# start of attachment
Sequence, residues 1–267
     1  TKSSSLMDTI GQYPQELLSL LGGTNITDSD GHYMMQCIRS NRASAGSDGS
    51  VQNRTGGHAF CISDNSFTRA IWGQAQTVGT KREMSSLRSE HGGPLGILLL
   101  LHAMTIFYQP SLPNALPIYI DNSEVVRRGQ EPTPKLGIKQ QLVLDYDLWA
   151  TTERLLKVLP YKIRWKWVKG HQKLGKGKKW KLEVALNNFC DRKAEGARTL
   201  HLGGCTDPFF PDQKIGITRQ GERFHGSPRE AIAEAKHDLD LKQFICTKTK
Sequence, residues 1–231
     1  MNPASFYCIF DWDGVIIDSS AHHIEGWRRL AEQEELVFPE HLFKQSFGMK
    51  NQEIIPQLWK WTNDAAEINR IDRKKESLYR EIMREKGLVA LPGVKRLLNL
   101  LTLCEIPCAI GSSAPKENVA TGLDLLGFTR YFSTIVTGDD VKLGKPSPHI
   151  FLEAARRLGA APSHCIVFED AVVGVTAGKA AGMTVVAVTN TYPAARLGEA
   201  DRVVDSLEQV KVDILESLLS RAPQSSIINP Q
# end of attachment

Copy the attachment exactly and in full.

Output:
Sequence, residues 1–267
     1  TKSSSLMDTI GQYPQELLSL LGGTNITDSD GHYMMQCIRS NRASAGSDGS
    51  VQNRTGGHAF CISDNSFTRA IWGQAQTVGT KREMSSLRSE HGGPLGILLL
   101  LHAMTIFYQP SLPNALPIYI DNSEVVRRGQ EPTPKLGIKQ QLVLDYDLWA
   151  TTERLLKVLP YKIRWKWVKG HQKLGKGKKW KLEVALNNFC DRKAEGARTL
   201  HLGGCTDPFF PDQKIGITRQ GERFHGSPRE AIAEAKHDLD LKQFICTKTK
Sequence, residues 1–231
     1  MNPASFYCIF DWDGVIIDSS AHHIEGWRRL AEQEELVFPE HLFKQSFGMK
    51  NQEIIPQLWK WTNDAAEINR IDRKKESLYR EIMREKGLVA LPGVKRLLNL
   101  LTLCEIPCAI GSSAPKENVA TGLDLLGFTR YFSTIVTGDD VKLGKPSPHI
   151  FLEAARRLGA APSHCIVFED AVVGVTAGKA AGMTVVAVTN TYPAARLGEA
   201  DRVVDSLEQV KVDILESLLS RAPQSSIINP Q